$( ".path" ).animate({"-webkit-animation-duration": "25s"}, {duration: 'slow'});
        $( ".electron" ).animate({"-webkit-animation-duration": "25s"}, {duration: 'slow'});
    }).mouseout(function() { 
        $( ".path" ).animate({"-webkit-animation-duration": "2s"}, {duration: 'slow'});
        $( ".electron" ).animate({"-webkit-animation-duration": "2s"}, {duration: 'slow'});
    });
});

Thanks

  • Edit your fiddle to add the jQuery version you are using. – ojovirtual Feb 14 '14 at 13:33
  • 1
    By far easiest way to do it would be to use something like GSAP which allows for this functionality quite easily. Are you okay with that solution? Otherwise it'd be incredibly complicated, time consuming, and perform worse – Zach Saucier Feb 14 '14 at 13:53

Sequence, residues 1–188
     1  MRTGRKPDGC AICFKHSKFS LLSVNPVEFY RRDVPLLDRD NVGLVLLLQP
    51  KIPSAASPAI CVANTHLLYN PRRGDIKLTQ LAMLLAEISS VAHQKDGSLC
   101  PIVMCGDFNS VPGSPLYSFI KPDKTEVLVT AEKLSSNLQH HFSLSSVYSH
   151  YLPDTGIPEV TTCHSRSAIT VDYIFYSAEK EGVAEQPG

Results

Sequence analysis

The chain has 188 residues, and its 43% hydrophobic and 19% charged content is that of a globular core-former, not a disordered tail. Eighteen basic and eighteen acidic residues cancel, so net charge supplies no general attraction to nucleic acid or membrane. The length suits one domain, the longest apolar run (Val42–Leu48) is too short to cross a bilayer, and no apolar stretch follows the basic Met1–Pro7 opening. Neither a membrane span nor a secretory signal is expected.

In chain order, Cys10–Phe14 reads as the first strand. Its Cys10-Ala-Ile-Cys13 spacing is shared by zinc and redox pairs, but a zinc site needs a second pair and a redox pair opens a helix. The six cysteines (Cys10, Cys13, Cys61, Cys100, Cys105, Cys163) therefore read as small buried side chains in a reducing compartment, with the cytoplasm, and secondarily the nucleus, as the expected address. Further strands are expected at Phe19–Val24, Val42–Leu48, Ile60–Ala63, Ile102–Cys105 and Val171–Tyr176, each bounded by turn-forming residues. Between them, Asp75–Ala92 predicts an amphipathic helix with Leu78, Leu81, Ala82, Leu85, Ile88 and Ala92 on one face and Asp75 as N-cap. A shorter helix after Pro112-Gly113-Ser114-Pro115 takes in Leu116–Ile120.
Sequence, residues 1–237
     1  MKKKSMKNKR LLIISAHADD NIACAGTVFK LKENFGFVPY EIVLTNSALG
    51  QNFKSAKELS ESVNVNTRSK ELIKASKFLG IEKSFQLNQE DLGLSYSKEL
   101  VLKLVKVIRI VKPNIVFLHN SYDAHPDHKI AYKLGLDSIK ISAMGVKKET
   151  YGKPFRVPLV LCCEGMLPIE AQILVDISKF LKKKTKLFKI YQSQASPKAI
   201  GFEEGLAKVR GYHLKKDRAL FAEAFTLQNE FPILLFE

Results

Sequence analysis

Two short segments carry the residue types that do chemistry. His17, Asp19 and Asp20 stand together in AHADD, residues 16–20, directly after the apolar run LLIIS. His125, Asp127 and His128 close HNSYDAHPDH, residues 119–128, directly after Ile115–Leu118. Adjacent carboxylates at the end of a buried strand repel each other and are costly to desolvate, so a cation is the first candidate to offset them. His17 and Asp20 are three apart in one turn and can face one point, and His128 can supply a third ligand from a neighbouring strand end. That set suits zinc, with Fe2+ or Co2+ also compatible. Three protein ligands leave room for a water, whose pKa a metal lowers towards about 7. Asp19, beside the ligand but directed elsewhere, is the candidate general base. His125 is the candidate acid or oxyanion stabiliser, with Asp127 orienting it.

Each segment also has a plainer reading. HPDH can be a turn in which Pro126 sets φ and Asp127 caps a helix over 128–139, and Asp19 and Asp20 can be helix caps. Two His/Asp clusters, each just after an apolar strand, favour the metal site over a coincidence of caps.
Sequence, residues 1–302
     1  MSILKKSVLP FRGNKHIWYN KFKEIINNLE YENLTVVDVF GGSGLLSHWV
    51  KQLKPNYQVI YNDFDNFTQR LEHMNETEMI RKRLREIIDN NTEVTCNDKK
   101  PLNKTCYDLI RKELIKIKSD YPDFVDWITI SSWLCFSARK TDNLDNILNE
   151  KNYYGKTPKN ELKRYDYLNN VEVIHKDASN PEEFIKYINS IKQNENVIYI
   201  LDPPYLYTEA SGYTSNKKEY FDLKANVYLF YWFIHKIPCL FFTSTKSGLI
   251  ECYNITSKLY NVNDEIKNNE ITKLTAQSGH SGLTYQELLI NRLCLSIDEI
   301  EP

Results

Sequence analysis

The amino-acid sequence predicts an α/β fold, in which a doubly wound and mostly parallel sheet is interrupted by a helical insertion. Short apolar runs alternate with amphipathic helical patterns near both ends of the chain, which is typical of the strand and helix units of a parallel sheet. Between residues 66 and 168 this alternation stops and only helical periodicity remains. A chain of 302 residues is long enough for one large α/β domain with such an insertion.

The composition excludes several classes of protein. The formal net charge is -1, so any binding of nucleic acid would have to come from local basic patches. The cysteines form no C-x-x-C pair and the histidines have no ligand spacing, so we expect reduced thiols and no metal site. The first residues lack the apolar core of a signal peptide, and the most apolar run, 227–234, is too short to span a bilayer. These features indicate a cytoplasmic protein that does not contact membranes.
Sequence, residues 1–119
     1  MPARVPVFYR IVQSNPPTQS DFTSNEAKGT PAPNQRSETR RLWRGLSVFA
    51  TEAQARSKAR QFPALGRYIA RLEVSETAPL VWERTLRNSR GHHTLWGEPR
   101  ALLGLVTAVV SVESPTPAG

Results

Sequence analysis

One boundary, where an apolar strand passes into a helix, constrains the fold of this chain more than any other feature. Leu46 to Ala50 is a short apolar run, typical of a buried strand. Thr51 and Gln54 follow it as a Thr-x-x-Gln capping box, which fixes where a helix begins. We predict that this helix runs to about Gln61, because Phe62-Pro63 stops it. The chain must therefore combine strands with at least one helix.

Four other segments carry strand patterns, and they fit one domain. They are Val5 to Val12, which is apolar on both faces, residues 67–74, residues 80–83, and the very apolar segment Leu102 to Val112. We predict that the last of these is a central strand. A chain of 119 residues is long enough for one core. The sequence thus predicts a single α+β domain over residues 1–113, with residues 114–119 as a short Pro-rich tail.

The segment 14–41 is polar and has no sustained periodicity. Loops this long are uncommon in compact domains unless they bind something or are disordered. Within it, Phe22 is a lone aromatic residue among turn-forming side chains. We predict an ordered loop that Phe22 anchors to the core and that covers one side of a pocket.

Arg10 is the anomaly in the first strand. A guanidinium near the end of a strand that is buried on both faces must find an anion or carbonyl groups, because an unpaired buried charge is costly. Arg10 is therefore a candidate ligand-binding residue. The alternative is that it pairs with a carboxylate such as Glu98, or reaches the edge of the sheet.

• I suppose I don't see why not, though I have no experience with GSAP. – RoboRob Feb 14 '14 at 13:56
6

The easiest way I know how to do it would be to use something like GSAP which allows for this functionality quite easily. Potentially you could without a library like GSAP, but it'd be incredibly complicated, time consuming, likely jumpy, and perform worse

However, when a library like GSAP is introduced it becomes a bit more simple. Hopefully the comments help a bit in explaining the code

Essentially I recreated the animations using GSAP, put them on a Timeline, and slowed the Timeline on hover

Demo

// Used to change the timings of all animations collectively
var timeline = new TimelineMax({}),
    electrons = document.querySelectorAll('.electron'),
    paths = document.querySelectorAll('.path'),
    startDuration = 2,
    delay = 0.5,

    // Gets the start of the last electron